EGU21-13266, updated on 04 Mar 2021
EGU General Assembly 2021
© Author(s) 2021. This work is distributed under
the Creative Commons Attribution 4.0 License.

Year-long observations of chemical properties of organic aerosols and cloud residuals at the Zeppelin Observatory, Svalbard

Yvette Gramlich1, Sophie Haslett1, Karolina Siegel1,2, Gabriel Freitas1, Radovan Krejci1, Paul Zieger1, and Claudia Mohr1
Yvette Gramlich et al.
  • 1Stockholm University, Department of Environmental Science, Stockholm, Sweden (
  • 2Stockholm University, Department of Meteorology, Stockholm, Sweden

The number of cloud seeds, e.g. cloud condensation nuclei (CCN) and ice nucleation particles (INP), in the pristine Arctic shows a large range throughout the year, thereby influencing the radiative properties of Arctic clouds. However, little is known about the chemical properties of CCN and INP in this region. This study aims to investigate the chemical properties of aerosol particles and trace gases that are of importance for cloud formation in the Arctic environment, with focus on the organic fraction.

Over the course of one full year (fall 2019 until fall 2020), we deployed a filter-inlet for gases and aerosols coupled to a chemical ionization high-resolution time-of-flight mass spectrometer (FIGAERO-CIMS) using iodide as reagent ion at the Zeppelin Observatory in Svalbard (480 m a.s.l.), as part of the Ny-Ålesund Aerosol Cloud Experiment (NASCENT). The FIGAERO-CIMS is able to measure organic trace gases and aerosol particles semi-simultaneously. The instrument was connected to an inlet switching between a counterflow virtual impactor (CVI) inlet and a total air inlet. This setup allows to study the differences in chemical composition of organic aerosol particles and trace gases at molecular level that are involved in Arctic cloud formation compared to ambient non-activated aerosol.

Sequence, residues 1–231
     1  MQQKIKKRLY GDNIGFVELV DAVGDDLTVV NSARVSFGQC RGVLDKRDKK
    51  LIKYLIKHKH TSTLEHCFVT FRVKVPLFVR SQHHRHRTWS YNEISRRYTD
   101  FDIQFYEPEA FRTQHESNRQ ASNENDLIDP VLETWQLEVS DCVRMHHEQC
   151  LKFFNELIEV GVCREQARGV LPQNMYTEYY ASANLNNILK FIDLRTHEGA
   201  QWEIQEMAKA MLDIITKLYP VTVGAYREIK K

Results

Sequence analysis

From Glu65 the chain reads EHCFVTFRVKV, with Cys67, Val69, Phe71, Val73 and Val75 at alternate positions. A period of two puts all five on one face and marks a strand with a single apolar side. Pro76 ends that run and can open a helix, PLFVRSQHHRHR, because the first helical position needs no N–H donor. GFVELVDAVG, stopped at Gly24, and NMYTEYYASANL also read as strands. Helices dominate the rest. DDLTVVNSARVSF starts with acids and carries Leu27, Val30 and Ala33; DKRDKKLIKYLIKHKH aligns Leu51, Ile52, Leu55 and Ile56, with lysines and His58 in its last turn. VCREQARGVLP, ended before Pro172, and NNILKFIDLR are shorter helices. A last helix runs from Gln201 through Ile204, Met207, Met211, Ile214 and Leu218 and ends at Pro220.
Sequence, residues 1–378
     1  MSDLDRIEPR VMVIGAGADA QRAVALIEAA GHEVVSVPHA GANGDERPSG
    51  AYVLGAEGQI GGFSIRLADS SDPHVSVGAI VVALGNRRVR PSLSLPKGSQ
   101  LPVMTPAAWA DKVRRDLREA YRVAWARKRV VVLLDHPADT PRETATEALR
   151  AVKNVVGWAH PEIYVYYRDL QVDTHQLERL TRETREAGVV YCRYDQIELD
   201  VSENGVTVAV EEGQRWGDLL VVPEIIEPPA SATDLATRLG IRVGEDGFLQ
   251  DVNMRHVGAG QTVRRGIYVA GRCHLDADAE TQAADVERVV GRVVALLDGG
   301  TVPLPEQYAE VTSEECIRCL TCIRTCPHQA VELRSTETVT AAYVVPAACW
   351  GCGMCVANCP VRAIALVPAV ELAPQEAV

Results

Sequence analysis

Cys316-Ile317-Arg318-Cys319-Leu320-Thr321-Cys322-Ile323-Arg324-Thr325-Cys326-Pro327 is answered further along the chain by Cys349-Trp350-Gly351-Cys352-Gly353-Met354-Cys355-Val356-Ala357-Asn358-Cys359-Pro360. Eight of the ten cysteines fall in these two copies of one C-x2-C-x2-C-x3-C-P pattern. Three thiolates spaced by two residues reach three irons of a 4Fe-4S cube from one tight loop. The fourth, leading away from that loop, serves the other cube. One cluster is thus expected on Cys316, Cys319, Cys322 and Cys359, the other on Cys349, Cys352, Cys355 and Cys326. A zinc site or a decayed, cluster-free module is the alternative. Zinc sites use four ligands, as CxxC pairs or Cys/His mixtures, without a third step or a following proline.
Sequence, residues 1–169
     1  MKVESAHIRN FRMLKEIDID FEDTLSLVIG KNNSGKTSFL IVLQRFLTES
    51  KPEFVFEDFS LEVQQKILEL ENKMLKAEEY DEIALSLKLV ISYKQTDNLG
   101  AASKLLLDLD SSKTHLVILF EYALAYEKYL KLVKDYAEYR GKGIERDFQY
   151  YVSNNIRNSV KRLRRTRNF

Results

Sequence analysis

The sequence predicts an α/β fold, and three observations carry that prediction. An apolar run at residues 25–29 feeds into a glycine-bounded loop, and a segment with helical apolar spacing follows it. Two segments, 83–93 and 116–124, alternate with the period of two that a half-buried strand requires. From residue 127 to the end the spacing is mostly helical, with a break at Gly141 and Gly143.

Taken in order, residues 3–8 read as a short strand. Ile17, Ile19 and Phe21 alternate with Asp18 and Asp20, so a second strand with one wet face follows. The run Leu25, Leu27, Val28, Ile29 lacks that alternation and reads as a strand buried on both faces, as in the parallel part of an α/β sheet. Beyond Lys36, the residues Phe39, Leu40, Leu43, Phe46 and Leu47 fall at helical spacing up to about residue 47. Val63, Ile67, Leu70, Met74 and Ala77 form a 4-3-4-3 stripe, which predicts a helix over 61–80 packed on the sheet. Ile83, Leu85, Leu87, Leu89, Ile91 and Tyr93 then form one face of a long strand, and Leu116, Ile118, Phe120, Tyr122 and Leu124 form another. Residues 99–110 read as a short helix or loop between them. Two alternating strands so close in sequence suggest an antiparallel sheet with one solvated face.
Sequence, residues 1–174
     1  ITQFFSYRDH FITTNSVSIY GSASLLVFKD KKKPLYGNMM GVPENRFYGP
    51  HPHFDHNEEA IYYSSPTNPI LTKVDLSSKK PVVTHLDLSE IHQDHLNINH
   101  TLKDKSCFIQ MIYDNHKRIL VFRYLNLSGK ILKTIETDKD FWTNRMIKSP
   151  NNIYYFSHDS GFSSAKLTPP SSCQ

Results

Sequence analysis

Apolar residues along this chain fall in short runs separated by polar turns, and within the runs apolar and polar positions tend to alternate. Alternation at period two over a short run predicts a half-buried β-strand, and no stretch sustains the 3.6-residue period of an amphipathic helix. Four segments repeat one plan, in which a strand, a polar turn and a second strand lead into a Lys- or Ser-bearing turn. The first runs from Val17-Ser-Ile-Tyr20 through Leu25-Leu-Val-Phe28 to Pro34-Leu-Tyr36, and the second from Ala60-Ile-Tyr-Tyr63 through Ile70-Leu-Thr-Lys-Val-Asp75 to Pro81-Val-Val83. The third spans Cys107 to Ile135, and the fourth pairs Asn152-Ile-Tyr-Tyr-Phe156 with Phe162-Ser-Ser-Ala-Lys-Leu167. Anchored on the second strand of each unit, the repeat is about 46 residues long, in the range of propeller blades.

We observed organic signal above background in both gas and particle phase all year round. A comparison between the gas phase mass spectra of cloud-free and cloudy conditions shows lower signal for some organics inside the cloud, indicating that some trace gases are scavenged by cloud hydrometeors whilst others are not. In this presentation we will discuss the chemical characteristics of the gases exhibiting different behavior during clear sky and cloudy conditions, and the implications for partitioning of organic compounds between the gas, aerosol particle and cloud hydrometeor (droplet/ice) phase.

How to cite: Gramlich, Y., Haslett, S., Siegel, K., Freitas, G., Krejci, R., Zieger, P., and Mohr, C.: Year-long observations of chemical properties of organic aerosols and cloud residuals at the Zeppelin Observatory, Svalbard, EGU General Assembly 2021, online, 19–30 Apr 2021, EGU21-13266,, 2021.

Corresponding presentation materials formerly uploaded have been withdrawn.